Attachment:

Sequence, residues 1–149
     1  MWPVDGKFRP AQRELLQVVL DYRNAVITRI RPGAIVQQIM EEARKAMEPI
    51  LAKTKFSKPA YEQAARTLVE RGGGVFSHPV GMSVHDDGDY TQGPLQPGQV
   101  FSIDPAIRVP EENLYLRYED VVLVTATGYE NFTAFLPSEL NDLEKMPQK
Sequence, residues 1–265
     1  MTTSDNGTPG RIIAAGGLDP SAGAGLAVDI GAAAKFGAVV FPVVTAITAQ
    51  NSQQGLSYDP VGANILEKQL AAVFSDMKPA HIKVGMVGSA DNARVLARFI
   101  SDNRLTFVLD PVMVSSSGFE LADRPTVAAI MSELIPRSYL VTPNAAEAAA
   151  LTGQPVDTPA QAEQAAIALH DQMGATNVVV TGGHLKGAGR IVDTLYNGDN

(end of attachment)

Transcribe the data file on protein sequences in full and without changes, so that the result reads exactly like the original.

Sequence, residues 1–149
     1  MWPVDGKFRP AQRELLQVVL DYRNAVITRI RPGAIVQQIM EEARKAMEPI
    51  LAKTKFSKPA YEQAARTLVE RGGGVFSHPV GMSVHDDGDY TQGPLQPGQV
   101  FSIDPAIRVP EENLYLRYED VVLVTATGYE NFTAFLPSEL NDLEKMPQK
Sequence, residues 1–265
     1  MTTSDNGTPG RIIAAGGLDP SAGAGLAVDI GAAAKFGAVV FPVVTAITAQ
    51  NSQQGLSYDP VGANILEKQL AAVFSDMKPA HIKVGMVGSA DNARVLARFI
   101  SDNRLTFVLD PVMVSSSGFE LADRPTVAAI MSELIPRSYL VTPNAAEAAA
   151  LTGQPVDTPA QAEQAAIALH DQMGATNVVV TGGHLKGAGR IVDTLYNGDN